I was born in Berkeley, CA and raised mainly in the Maryland suburbs of Washington, DC. Two of the greatest gifts our parents gave my sister, brother, and me while we were growing up were our educations (as much at home as in school) and the opportunity to travel.

From 1970-1990, my family spent alternate summers in Yugoslavia, mostly visiting my paternal grandmother’s farm in rural Serbia, but also splitting time between the capital, Belgrade, and our favorite town on the Dalmatian coast, Cavtat.  In 2018, I made my way back to Croatia for the first time since the wars of the ‘90s.

After high school in DC, I got my BA at McGill University, spent a year back home waiting tables and working in politics, and then moved to the UK for a two-year graduate program in English Studies at Oxford.  In 1994, I returned to the US to pursue a MA in something called Modern Studies, as well as a PhD in English, at the University of Virginia.  My dissertation explored the relationship between notions of civility and national identity in English fiction.  (Though it’s not obvious from the immediate subject matter, my interest in nationalism—so central to the breakup of Yugoslavia—was one of the roots of this project.)  As a graduate instructor and postdoctoral fellow at UVA, I taught classes in academic writing, modern and contemporary literature, and the development of the novel in English.  From 2004-2010, I was on the faculty of the Jepson School of Leadership Studies at the University of Richmond, where I taught a variety of interdisciplinary liberal arts courses, from Critical Thinking to Anglo-American Women’s Movements.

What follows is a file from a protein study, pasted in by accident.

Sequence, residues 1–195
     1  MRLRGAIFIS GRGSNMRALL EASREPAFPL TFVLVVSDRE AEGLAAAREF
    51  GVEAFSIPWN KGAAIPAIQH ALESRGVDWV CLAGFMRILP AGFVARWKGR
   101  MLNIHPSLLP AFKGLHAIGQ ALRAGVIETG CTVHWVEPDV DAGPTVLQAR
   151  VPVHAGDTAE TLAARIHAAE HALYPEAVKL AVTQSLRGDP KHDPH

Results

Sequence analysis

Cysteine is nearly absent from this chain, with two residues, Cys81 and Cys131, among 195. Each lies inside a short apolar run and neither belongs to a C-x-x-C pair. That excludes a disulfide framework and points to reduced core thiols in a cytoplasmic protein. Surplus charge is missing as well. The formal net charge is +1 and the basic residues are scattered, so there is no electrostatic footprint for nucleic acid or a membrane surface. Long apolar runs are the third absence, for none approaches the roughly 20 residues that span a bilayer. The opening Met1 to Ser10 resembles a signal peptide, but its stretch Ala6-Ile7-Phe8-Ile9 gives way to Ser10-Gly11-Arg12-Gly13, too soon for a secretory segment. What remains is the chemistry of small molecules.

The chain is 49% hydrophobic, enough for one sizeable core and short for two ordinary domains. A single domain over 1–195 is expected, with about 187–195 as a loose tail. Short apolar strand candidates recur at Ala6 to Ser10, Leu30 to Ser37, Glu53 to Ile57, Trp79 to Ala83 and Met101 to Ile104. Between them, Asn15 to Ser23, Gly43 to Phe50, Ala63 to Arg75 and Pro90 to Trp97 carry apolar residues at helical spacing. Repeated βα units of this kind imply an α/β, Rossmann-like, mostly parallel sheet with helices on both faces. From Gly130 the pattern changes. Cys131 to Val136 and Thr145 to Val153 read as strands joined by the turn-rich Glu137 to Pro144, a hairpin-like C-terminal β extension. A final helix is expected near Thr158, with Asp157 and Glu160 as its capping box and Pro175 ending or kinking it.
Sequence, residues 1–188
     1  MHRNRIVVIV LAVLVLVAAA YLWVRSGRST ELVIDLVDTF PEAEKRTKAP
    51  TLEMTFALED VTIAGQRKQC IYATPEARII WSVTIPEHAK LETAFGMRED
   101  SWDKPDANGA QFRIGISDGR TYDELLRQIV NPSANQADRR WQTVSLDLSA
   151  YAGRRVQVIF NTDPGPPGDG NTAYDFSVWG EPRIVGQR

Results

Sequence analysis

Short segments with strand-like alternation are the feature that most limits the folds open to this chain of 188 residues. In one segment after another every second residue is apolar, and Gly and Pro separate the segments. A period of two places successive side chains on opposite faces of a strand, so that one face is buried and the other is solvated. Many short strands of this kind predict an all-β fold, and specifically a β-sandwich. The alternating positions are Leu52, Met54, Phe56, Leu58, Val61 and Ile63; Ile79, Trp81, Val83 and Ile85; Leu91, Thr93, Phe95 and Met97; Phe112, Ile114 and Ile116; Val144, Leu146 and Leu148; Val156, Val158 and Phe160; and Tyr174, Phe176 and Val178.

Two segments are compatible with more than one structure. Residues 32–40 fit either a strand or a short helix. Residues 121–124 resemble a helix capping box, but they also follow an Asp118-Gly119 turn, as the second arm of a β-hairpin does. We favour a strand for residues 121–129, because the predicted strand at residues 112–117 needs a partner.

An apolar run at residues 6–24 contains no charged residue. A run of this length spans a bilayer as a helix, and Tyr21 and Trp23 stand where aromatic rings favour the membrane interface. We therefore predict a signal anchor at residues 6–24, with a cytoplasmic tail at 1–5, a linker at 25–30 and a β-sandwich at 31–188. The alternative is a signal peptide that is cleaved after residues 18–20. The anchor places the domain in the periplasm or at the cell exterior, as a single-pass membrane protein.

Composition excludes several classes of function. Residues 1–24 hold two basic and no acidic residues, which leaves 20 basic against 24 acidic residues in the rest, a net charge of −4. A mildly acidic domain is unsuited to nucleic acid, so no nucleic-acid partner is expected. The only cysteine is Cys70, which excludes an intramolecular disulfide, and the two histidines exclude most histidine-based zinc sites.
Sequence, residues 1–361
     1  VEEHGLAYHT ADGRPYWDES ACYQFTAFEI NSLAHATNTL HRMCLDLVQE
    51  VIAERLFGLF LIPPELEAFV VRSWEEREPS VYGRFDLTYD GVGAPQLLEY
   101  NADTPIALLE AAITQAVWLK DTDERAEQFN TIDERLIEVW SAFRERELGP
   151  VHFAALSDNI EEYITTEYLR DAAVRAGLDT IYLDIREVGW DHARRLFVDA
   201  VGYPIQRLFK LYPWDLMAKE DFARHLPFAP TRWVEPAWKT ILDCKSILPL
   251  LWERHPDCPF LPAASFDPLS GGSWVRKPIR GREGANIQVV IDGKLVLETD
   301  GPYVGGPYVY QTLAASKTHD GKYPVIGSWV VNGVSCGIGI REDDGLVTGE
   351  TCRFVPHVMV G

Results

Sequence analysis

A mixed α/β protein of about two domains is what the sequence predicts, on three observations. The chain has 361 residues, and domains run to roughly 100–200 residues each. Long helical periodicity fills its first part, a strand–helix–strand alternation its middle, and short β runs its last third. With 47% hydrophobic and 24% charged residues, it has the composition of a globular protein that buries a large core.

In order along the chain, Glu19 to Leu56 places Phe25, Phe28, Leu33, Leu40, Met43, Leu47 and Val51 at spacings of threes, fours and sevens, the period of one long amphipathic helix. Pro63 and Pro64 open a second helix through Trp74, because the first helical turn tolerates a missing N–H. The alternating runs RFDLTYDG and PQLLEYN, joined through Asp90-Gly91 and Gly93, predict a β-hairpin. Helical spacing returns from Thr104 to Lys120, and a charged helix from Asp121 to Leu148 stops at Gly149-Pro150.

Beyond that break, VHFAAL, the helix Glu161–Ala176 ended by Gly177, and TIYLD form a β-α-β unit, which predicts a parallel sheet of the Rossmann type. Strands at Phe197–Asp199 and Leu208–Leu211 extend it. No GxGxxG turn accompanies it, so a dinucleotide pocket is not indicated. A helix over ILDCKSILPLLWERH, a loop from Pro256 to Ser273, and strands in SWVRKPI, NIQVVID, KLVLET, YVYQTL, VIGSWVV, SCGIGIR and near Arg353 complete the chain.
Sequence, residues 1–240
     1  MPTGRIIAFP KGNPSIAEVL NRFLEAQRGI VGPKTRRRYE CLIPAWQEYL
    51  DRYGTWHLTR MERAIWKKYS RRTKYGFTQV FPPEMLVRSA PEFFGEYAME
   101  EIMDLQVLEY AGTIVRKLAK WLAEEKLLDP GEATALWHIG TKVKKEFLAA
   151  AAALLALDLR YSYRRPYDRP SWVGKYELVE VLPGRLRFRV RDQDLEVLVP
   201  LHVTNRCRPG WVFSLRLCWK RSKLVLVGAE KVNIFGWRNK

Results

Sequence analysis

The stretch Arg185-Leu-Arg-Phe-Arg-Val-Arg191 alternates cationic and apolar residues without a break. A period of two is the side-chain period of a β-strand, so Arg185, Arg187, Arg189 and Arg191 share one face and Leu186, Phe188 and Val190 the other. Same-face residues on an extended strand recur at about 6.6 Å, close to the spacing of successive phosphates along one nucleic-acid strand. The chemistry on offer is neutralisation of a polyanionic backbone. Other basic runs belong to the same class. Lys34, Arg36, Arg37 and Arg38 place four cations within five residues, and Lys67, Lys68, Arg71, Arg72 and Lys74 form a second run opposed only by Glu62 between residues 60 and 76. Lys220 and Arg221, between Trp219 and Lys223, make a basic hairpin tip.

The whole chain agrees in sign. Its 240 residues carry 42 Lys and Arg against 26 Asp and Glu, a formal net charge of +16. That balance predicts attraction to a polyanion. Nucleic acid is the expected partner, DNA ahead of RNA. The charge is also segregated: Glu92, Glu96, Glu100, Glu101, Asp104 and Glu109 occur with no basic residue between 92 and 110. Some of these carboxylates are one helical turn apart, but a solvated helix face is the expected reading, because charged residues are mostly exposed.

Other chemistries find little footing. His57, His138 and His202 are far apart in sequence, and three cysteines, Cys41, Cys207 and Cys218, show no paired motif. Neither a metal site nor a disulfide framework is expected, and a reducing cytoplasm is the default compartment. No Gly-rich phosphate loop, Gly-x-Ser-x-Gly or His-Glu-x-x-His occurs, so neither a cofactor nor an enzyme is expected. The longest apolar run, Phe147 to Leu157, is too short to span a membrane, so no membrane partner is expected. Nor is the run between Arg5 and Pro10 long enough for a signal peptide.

I’m currently on an indefinite hiatus from teaching, watching lots of tennis, occasionally writing about the sport, and gathering the resources—as much emotional as practical—to write a book about my family’s experience with war in Yugoslavia.